1. Both the Johnson & Johnson-Janssen (JJJ) and mRNA boosters provided an acceptable safety profile and immunogenic response in healthcare workers who received a primary JJJ vaccine.
2. After receiving a primary JJJ vaccine, patients had the strongest immunogenic response after receiving an mRNA booster.
Evidence Rating Level: 1 (Excellent)
Study Rundown: The JJJ vaccine has been demonstrated to induce lower levels of Covid-19 spike protein-specific antibodies than the mRNA-based vaccines. Therefore, it has been proposed that mixing and matching Covid-19 vaccines enhances both the flexibility of vaccine administration and may induce broader immune responses. However, there is a gap in knowledge as to understanding the immunologic and safety assessments of the effect of mRNA boosters in persons who received a priming JJJ dose. This study found that boosting with mRNA vaccines provided the most efficient response in patients who received the single-shot JJJ dose as their primary vaccine. This study was limited by factors such as evaluating boosters in healthcare workers who are generally younger than participants in other studies of homologous vaccine regimens and their participants did not have severe coexisting conditions. Nevertheless, these study’s findings are significant, as they demonstrate that both homologous and heterologous booster regimens for those who received the JJJ primary dose provide an immunogenic response and increase vaccine effectiveness against infection and transmission of Covid-19.
Click to read the study in NEJM
Relevant Reading: Effectiveness of Covid-19 Vaccines over a 9-Month Period in North Carolina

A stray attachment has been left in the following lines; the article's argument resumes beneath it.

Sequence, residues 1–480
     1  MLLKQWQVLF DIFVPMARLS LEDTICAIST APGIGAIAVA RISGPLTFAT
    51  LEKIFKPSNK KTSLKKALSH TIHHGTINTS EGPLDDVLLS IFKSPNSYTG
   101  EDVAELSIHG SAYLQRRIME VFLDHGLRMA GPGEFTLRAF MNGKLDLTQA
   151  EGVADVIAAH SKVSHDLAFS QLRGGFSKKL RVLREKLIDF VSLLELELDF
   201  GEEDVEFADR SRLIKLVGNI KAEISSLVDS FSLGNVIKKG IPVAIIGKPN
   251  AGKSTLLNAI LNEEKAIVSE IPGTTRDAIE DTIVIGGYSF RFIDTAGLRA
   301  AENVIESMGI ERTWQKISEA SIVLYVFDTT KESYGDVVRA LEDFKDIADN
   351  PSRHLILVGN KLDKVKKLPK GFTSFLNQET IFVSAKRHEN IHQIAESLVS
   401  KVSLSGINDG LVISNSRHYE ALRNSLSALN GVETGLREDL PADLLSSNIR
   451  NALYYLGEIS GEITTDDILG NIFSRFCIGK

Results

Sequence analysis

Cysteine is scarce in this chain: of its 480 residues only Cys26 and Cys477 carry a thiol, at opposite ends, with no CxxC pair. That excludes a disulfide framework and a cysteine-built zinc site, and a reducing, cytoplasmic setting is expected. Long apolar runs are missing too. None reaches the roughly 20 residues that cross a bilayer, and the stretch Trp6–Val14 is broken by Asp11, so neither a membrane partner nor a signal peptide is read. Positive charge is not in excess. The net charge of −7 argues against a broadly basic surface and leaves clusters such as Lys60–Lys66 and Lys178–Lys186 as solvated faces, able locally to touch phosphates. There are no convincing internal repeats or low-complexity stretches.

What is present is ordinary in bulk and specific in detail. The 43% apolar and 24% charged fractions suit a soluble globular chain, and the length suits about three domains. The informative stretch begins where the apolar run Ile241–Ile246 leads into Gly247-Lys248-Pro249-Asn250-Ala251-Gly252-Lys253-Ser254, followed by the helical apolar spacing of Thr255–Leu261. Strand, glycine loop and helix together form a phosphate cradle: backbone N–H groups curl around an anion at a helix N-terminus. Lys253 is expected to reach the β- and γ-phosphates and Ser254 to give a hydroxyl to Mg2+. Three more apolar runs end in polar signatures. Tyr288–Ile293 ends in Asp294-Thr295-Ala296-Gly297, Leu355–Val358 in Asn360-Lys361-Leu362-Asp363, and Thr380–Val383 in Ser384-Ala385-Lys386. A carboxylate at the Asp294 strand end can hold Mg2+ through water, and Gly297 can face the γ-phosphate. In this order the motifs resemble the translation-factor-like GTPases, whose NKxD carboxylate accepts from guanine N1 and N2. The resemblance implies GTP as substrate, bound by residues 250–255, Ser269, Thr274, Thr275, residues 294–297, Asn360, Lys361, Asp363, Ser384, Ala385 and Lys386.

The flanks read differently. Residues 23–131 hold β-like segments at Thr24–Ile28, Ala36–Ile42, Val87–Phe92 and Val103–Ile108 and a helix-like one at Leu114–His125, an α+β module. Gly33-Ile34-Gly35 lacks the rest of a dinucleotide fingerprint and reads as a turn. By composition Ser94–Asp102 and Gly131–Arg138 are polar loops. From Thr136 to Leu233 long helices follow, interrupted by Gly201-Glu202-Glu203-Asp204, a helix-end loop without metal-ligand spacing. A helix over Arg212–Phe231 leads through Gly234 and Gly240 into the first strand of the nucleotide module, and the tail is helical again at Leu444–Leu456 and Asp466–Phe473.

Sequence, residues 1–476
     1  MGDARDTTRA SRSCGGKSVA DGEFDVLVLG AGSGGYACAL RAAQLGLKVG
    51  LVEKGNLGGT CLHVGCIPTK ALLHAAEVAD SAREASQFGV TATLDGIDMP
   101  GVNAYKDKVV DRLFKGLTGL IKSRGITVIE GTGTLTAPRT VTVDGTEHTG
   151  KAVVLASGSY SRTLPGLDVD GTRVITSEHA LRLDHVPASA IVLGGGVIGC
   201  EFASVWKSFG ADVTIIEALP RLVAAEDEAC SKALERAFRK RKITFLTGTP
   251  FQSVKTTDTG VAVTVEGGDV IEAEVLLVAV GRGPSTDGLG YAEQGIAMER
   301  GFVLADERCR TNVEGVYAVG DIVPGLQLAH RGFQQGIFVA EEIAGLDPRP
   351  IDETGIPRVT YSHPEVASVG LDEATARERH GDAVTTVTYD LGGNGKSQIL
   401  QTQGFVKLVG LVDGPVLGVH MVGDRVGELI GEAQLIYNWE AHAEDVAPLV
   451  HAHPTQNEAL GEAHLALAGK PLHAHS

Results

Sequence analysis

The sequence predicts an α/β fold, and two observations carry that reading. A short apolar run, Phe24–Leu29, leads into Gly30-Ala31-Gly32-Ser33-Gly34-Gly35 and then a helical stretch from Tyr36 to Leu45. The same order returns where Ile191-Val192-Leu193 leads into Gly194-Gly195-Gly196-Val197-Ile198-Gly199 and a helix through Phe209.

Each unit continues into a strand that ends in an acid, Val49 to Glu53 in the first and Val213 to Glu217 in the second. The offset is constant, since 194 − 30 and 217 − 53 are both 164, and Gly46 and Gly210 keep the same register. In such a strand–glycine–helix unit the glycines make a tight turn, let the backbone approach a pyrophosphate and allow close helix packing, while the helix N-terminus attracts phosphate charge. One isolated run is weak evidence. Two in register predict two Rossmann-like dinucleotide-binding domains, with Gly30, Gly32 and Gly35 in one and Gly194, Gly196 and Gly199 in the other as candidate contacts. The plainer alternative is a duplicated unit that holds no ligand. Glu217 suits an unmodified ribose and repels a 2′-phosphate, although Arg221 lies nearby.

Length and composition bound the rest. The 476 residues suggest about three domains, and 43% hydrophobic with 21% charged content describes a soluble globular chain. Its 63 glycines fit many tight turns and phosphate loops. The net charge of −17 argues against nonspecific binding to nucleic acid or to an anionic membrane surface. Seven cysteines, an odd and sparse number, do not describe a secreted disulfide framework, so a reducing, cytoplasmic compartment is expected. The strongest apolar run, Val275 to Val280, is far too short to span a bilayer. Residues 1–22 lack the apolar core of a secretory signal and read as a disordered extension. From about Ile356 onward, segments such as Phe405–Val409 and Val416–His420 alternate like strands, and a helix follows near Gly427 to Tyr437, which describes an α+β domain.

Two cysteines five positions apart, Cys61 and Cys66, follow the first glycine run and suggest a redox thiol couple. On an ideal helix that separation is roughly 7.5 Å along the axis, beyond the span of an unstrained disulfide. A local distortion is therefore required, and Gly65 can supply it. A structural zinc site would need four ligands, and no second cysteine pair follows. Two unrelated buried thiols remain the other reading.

In-Depth [randomized controlled trial]: This single-blind multicenter, randomized controlled trial involved healthcare workers who received a JJJ vaccine as their primary vaccination regimen. Patients were assigned to receive no booster, a Pfizer-BioNTech booster, a Moderna booster, or a JJJ booster. Healthcare workers who were between 18 and 75 years of age and did not have severe coexisting factors or conditions were eligible for the study. Patients who had receipt of treatment for cancer, use of immunosuppressant agents, solid-organ or bone marrow transplant, or a history of Covid-19 infection were excluded from the study. The primary outcome was the level of S-specific binding antibodies. Outcomes in the primary analysis were conducted via Mann-Whitney U tests to assess differences in log-transformed titer values. Based on the analysis, homologous or heterologous booster vaccination resulted in higher levels of S-specific binding antibodies, neutralizing antibodies, and T-cell responses compared to only receiving a single JJJ vaccine dose. Additionally, heterologous boosters had a significantly larger increase in binding antibodies than with the homologous JJJ booster. The Moderna booster was also found to be the most immunogenic and associated with higher reactogenicity than the Pfizer-BioNTech and JJJ vaccines. Overall, this study demonstrated that vaccine boosters after receiving the single dose JJJ vaccine, whether homologous or heterologous, confer immunogenicity and improve vaccine effectiveness against infection and transmission of Covid-19. This can further help guide global discussions on the use of boosters, the prime-boost interval target population, and the level of Covid-19 circulation.
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